R is the radius of the Earth. You find b and c directly from Latitude expressed in Radians, viz. b = (π/2-Latitude)R etc.

Since the points are very close together you said, you expect the line joining them to be a geodesic, so take a by direct measurement. The angle θ is what you need.

Longitude is not needed in the calculations.

Hi, in which way the cosine formula you writed has to be used ?
 
  • #9
Rada Demorn said:
take a by direct measurement.
Of what?
Rada Demorn said:
Longitude is not needed in the calculations.
It is needed to calculate a, if using your formula. Personally I think transforming to Cartesian coordinates is more intuitive, you just need to use the Mercator transformation to get the right y coordinate. Google will help here.
 

1. What is the difference between geographical coordinates and Cartesian coordinates?

Geographical coordinates, also known as geographic coordinates, are a set of numbers used to specify a location on the Earth's surface. They consist of latitude and longitude values, which measure a location's distance from the equator and prime meridian, respectively. Cartesian coordinates, on the other hand, are a set of numbers used to represent a point on a plane or in space. They consist of x and y values, which measure a point's horizontal and vertical distance from a reference point.

2. How are geographical coordinates converted to Cartesian coordinates?

To convert geographical coordinates to Cartesian coordinates, we use a mathematical formula that takes into account the Earth's curvature and the chosen reference point. This formula involves converting the latitude and longitude values to radians, and then using trigonometric functions to calculate the x and y values. The resulting Cartesian coordinates can then be plotted on a map or used in mathematical calculations.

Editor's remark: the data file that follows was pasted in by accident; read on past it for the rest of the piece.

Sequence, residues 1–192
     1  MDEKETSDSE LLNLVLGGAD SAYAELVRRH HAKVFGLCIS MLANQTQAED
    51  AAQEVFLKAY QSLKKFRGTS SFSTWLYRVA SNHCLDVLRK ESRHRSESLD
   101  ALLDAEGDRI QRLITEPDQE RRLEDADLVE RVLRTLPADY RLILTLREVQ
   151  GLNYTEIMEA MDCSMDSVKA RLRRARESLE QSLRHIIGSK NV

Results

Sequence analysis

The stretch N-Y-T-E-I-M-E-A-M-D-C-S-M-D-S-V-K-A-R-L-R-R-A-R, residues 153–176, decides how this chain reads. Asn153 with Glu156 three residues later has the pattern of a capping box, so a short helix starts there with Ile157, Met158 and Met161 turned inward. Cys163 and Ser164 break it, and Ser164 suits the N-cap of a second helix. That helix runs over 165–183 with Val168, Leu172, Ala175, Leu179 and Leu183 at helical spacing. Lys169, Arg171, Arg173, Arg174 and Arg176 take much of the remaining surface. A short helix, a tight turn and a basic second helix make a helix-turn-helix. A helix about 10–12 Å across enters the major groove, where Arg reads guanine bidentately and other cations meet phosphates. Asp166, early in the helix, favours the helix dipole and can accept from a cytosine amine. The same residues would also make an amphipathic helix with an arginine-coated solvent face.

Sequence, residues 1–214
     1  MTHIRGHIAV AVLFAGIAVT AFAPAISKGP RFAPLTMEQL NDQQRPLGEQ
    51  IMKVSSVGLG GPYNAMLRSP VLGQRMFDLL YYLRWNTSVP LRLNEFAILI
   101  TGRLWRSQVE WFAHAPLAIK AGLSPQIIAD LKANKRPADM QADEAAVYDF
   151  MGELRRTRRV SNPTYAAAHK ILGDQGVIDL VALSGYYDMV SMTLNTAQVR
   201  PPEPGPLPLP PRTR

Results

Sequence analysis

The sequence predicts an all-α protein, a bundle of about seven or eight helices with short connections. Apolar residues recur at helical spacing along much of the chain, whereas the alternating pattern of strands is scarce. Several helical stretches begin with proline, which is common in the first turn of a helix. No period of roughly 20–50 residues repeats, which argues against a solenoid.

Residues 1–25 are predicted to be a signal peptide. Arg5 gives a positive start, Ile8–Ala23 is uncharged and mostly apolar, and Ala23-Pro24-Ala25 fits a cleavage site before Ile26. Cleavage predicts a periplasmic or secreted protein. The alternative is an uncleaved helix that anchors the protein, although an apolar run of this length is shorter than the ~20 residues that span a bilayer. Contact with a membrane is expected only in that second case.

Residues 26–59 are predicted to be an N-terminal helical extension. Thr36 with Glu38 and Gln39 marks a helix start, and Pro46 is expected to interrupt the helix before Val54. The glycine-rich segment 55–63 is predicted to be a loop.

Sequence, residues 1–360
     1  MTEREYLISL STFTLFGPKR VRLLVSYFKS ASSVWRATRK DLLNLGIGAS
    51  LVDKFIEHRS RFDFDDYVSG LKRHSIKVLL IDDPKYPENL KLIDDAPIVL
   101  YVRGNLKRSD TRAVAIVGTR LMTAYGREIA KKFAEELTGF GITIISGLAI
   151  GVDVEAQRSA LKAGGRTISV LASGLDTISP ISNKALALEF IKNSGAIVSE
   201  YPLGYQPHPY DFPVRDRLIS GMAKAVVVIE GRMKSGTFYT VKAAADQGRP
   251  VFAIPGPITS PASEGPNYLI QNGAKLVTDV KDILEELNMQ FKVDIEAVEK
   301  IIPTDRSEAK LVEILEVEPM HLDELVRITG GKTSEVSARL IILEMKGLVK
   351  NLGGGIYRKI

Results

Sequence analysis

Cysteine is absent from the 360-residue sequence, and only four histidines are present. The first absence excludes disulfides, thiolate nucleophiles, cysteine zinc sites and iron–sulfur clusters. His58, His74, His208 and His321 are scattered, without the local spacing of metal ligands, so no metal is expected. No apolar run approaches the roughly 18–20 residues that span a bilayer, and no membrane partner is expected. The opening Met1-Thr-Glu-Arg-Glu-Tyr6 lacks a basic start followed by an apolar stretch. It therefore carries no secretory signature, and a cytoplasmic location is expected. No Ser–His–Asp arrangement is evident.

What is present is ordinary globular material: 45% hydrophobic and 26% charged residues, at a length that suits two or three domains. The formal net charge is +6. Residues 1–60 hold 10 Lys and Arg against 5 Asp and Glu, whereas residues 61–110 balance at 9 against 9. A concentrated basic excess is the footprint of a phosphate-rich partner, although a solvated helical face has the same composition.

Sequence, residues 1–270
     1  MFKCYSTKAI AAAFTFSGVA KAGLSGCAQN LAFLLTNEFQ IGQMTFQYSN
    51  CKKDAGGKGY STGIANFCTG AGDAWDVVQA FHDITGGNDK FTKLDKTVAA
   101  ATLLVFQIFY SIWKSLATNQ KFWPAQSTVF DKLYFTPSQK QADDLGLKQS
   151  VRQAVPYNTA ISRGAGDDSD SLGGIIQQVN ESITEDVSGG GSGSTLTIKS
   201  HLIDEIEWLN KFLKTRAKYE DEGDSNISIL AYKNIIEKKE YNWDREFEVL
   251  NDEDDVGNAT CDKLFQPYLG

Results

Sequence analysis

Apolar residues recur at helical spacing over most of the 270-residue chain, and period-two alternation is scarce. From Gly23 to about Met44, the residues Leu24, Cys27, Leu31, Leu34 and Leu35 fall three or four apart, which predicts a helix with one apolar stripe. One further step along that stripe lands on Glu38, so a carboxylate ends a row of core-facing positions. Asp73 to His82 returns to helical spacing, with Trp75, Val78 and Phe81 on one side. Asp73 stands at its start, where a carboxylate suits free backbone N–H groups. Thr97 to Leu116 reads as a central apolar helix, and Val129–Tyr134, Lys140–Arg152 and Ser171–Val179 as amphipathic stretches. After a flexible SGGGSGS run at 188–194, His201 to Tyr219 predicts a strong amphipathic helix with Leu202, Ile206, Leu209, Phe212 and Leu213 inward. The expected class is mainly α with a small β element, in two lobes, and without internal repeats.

3. Why are Cartesian coordinates often used in scientific and mathematical applications?

Cartesian coordinates are commonly used in scientific and mathematical applications because they provide a simple and standardized way to represent points and locations. They also allow for easy calculation and manipulation of distances and angles, making them useful for tasks such as navigation, mapping, and data analysis.

4. Are there any limitations to using Cartesian coordinates?

One limitation of using Cartesian coordinates is that they are based on a flat plane, which does not accurately represent the curved surface of the Earth. This can lead to inaccuracies in mapping and navigation. Additionally, Cartesian coordinates only provide a two-dimensional representation of a location, so they are not suitable for representing locations in three-dimensional space.

5. How do we know which reference point to use when converting geographical coordinates to Cartesian coordinates?

The reference point used in converting geographical coordinates to Cartesian coordinates can vary depending on the application. In some cases, the origin (0,0) is chosen to be the center of the Earth, while in others, it may be a specific point on the Earth's surface. It is important to clarify which reference point is being used in order to accurately convert between coordinate systems.